Nextcloud on Synology

Nextcloud is a suite of client-server software for creating and using file hosting services. It is functionally similar to Dropbox, although Nextcloud is free and open-source, allowing anyone to install and operate it on a private server.

This document describes, how to install Nextcloud on a Synology DiskStation.

Prerequisites

Hostname in DNS

Dynamic or static address mapping.

Mail Account

For Nextcloud to send out mail notifications.

Firewall

NAT and or access rules to allow/forward HTTPS traffic to the Synology NAS.

Packages

Currently (January 2019) there is no Nextcloud package available, neither from Synology nor from any third parties.

To install Nextcloud manually the following packages from Synology need to be installed first:

  1. WebStation;
  2. Apache HTTP Server 2.4
  3. PHP 7.2;
  4. MariaDB (10.3.7) database server;

WebStation

In the DSM open WebStation.

WebStation PHP Settings

Select “PHP Settings” and click the “Create” button.

Common Settings:

Profile Name: Nextcloud

Description:

PHP Version: PHP 7.2

Enable PHP cache: Yes

Customize PHP open_basedir: Yes

open_basedir:

  • /tmp
  • /var/services/tmp
  • /var/services/web
  • /var/services/homes
  • /volume1/nextcloud
  • /dev/urandom
  • /proc/meminfo

PHP Modules required (see also the Admin Manual for a list of required and recommended modules by Nextcloud)

  • bz2
  • curl
  • exif
  • gd
  • gmp
  • iconv
  • intl
  • mcrypt
  • openssl
  • pdo_mysql
  • posix
  • zip

Recommended but not available:

  • imagick

FPM:

No changes.

Core:

php.ini settings as recommended by Nextcloud php.ini configuration notes

Name Value
max_input_time 120
opcache.enable 1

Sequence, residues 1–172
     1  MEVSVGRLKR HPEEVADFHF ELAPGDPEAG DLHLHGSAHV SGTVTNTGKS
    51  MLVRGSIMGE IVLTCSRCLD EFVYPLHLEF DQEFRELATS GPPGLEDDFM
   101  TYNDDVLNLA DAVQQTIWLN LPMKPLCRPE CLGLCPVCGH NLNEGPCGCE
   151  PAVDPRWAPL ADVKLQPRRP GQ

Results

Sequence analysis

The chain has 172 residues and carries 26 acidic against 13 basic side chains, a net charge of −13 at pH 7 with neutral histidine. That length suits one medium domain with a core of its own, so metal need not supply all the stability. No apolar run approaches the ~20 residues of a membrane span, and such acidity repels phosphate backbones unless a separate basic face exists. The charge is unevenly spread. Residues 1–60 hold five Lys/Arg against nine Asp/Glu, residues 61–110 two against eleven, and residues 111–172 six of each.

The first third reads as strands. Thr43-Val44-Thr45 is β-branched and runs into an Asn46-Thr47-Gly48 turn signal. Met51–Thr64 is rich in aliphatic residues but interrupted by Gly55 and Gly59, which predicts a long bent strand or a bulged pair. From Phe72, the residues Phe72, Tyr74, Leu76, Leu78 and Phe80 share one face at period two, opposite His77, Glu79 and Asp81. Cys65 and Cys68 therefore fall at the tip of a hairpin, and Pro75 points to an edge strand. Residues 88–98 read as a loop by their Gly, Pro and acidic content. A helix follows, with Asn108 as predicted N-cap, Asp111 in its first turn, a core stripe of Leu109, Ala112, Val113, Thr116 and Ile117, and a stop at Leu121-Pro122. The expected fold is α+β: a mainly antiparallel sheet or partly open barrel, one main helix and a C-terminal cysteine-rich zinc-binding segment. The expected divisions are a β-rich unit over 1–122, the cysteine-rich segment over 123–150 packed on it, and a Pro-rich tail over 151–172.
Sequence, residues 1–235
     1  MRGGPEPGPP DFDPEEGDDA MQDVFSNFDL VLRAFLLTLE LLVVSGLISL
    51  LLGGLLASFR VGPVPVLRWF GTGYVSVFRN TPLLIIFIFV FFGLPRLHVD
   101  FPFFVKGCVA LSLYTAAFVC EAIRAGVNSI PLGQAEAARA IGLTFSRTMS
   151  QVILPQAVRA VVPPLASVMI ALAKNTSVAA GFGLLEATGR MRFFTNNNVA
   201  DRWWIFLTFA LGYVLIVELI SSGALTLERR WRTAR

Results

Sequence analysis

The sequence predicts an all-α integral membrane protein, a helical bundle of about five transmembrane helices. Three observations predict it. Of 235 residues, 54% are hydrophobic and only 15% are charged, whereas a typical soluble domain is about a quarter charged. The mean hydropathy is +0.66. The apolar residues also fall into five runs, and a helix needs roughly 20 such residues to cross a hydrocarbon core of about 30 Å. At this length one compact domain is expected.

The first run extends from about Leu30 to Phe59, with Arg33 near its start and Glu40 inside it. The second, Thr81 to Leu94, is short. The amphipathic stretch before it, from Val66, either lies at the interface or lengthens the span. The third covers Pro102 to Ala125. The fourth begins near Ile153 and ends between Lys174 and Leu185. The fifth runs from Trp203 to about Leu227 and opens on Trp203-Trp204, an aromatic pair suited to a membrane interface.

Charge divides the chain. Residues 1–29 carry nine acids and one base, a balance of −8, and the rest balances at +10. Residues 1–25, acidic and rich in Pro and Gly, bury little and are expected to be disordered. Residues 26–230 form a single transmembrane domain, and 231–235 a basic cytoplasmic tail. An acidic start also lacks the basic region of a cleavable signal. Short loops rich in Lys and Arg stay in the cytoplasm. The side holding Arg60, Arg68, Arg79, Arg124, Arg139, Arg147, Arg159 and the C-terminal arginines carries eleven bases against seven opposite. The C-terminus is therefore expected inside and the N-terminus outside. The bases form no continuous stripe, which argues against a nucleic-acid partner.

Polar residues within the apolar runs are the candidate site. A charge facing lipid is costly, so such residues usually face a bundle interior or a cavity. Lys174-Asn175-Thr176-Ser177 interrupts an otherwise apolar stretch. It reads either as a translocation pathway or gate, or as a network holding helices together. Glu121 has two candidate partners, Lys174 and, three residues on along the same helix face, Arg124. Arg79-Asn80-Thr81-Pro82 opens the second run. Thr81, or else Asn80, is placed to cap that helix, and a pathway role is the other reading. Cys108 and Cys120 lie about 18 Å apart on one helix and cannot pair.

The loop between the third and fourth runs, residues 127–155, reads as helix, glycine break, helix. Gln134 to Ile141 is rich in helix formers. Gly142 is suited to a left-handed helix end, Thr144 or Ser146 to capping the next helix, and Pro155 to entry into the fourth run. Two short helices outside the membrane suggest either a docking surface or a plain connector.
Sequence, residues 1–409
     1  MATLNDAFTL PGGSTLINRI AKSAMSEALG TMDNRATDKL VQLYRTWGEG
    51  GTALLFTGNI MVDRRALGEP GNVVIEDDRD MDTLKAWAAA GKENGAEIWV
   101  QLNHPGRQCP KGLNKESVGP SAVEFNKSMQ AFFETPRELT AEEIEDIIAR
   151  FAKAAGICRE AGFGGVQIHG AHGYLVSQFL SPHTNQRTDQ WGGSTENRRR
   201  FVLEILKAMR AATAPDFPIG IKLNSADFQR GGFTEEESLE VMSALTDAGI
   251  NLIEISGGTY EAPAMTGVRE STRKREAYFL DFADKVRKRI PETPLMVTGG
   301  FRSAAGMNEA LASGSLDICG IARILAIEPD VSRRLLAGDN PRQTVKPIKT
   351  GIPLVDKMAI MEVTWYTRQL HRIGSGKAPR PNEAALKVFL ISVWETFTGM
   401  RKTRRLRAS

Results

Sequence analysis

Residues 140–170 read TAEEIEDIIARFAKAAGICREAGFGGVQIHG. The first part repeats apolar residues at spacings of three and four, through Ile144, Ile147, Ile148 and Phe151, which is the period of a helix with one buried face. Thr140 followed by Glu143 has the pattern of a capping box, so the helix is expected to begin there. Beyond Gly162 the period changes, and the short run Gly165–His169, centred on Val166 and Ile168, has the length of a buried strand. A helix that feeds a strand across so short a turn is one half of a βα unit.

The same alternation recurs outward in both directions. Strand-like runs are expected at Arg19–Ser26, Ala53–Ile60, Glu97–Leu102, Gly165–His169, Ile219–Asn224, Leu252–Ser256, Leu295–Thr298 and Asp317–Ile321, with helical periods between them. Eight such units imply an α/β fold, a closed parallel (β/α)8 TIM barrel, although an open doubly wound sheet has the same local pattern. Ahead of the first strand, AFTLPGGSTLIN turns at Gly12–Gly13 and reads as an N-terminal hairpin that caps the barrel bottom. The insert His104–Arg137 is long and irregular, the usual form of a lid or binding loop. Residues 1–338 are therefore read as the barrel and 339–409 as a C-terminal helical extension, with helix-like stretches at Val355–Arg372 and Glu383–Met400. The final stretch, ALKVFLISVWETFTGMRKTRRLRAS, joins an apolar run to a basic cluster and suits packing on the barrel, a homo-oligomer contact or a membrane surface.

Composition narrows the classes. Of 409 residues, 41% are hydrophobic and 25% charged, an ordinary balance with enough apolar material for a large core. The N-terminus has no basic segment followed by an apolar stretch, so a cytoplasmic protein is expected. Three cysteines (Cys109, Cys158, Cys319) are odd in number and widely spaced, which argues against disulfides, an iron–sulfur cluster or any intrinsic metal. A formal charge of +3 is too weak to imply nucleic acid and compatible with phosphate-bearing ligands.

opcache.enable_cli 1
opcache.interned_strings_buffer 8
opcache.max_accelerated_files 10000
opcache.memory_consumption 128
opcache.save_comments 1
opcache.revalidate_freq 1
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 zend_extension = opcache.so
 extension = apcu.so

 extension = bz2.so
 extension = curl.so
 extension = exif.so
 extension = gd.so
 extension = gmp.so
 extension = iconv.so
 extension = intl.so
 extension = mcrypt.so
 extension = openssl.so
 extension = pdo_mysql.so
 extension = posix.so
 extension = zip.so

 display_errors = Off
 open_basedir = /tmp:/var/services/tmp:/var/services/web:/var/services/homes:/volume1/nextcloud/:/dev/urandom:/proc/meminfo
 max_input_time = 120
 opcache.enable_cli = 1
 opcache.interned_strings_buffer = 8
 opcache.max_accelerated_files = 10000
 opcache.memory_consumption = 128
 opcache.revalidate_freq = 1

 [PATH=/volume1/web/nextcloud]
 open_basedir = /volume1/web/nextcloud:/tmp:/var/services/tmp:/var/services/web:/var/services/homes:/volume1/nextcloud/:/dev/urandom:/proc/meminfo

WebStation VirtualHost

Select “Virtual Host” and click the “Create” button.

Name based: Yes

Hostname: “cloud.example.net”

Port: 80/443

Document-Root: “web/nextcloud”

HTTPS Settings:

HSTS: Yes

HTTP/2: Yes

HTTP-Backend-Server: Apache HTTP Server 2.4

PHP: Nextcloud

PHP Command-Line Interface

Nextcloud needs command-line access for PHP for tasks like cronjobs, system and database upgrades and maintenance scripts.

The command-line environment should match the web-servers PHP script environment.

We therefore copy the web-servers PHP-FPM standard environment to a local user directory:

$ cp /usr/syno/etc/packages/WebStation/php70/php.ini /volume1/homes/admin/bin/occ.d/

The customized PHP environment is saved under a unique ID directory in /usr/syno/etc/packages/WebStation/php_profile.

Merge the entries of conf.d/user_settings.ini and conf.d/webstation_vhost.ini into your copy of /volume1/homes/admin/bin/occ.d/php.ini.

Be careful that there are no duplicate entries.